Investors in African markets have realised that there is greater potential in increasing the availability of goods to the woman selling sachet Kellogs cornflakes and Nestle milk swinging from the ropes on her store doors than there is on Shoprite’s shelves and Jumia’s catalogue. These investors and techpreneurs have poured $470 million into the industry since 2008 and 90% of this funding came in between the years 2021-2022. They recognise that  if distribution moves smoothly and retailers never suffer stockouts there is an overall effect that stands to benefit not just retailers but distributors, and manufacturers too and this will affect the African economy positively. 

Distribution tends to take two models in Africa; either you rely on already existing broken supply chains, or you build your own distribution system from scratch. Big suppliers like Coca-Cola build their networks from scratch meaning they own fleets and warehouses.  Also, these big companies only sell 30% of their goods via their networks, and the remaining 70% is sold via sub-distributors which means they still have to deal with the same distribution problems. Asset-heavy businesses are businesses that own fixed assets like Coca-cola mentioned above. Asset-heavy manufacturers will not only own machinery and factories, they’ll also own fleets and warehouses, and bear logistics, storage, and maintenance costs. This business model is cumbersome and capital-intensive to operate; the overhead costs eat deeply into a business’s profit margin. Most manufacturers cannot thrive like this and asset-heavy B2B e-commerce companies are witnessing a decline in funding and customer loyalty. 

The question now is, how will the African B2B e-commerce industry continue to survive despite these problems and achieve its potential for economic growth?

Asset-light wings

To answer the above question, some B2B e-commerce startups are operating an asset-light model. The benefits of the asset-light approach is  immeasurable and hold the key to spurring further growth in the African B2B e-commerce market. With the asset light approach, retailers get better ROI and manufacturers grow volume and reach through a wider distribution network. One of the companies currently operating with this model in Africa is  OmniRetail (OmniBiz) which is digitising the already existing distribution channels.

Asset-heavy models rely on building logistics systems from scratch. What asset-light models like OmniRetail do differently is that they take a lighter, more efficient, and more scalable approach. They have no fleets and operate a third-party logistics (3PL) model. With the asset-light approach, B2B ecommerce companies only own their ecommerce platform since they only act as aggregators to the existing players. This has so far proven to be a cost-effective model.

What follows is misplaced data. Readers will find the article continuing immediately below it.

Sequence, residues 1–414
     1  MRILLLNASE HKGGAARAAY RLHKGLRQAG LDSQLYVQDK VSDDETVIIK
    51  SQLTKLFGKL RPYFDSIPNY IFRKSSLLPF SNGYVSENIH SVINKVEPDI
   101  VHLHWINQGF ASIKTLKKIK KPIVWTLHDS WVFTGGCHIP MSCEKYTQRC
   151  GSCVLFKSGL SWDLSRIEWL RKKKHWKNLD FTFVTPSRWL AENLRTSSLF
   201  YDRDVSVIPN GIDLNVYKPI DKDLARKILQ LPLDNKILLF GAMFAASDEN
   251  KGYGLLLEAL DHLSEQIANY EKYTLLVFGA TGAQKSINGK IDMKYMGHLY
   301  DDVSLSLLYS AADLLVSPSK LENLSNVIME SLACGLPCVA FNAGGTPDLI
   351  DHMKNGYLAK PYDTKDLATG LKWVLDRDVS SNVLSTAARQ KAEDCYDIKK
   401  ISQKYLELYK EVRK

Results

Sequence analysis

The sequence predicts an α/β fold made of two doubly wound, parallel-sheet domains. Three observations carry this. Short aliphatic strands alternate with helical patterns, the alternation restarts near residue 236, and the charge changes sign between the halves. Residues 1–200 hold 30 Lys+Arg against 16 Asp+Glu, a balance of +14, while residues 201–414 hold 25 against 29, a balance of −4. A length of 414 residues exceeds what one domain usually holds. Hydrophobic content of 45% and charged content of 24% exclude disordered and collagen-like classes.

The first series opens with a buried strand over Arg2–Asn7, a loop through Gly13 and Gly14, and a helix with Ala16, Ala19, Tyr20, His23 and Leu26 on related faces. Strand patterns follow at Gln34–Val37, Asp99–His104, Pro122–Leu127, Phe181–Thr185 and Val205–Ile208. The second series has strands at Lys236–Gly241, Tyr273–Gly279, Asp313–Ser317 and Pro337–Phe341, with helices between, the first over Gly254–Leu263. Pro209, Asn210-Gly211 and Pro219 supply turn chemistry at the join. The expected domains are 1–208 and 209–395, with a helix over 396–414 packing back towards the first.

So, how do they achieve this efficiency?

Often, when tech solutions are launched, especially logistics and supply chain solutions they start from the top-down, in this case, the manufacturers and or distributors. These products are often only inventory-focused and launched with the hopes that if players at the top of the chain adopt them, then there will be a trickle-down effect on retailers. But as time has shown these solutions are often of very low interest to retailers and even distributors and wholesalers. What asset-light operators do is take a bottom-up collaborative approach starting with the retailer first. By focusing on retailers, B2B e-commerce companies get first-hand consumer data and can get to the root of all retailer and customer concerns and their distribution troubles. To tackle the funding problems retailers face, they provide buy-now-pay-later services and offer credit support to retailers so they never run out of products even when they don’t have cash readily available. They also provide insights into consumer data so retailers can see their real-time inventory stock so they can avoid stockouts and avoid purchasing goods they may struggle to sell. Manufacturers also like this product for the visibility they get into product movement and distribution—and the increased volume of sales due to not stocking out. 

African informal retail markets are poised for evolution and have a great potential to improve economies. Remaining asset-light makes B2B ecommerce companies more flexible and scalable to meet this change and help these markets live up to their economic potential.

Uma Edwin for Partner Content Writer, TechCabal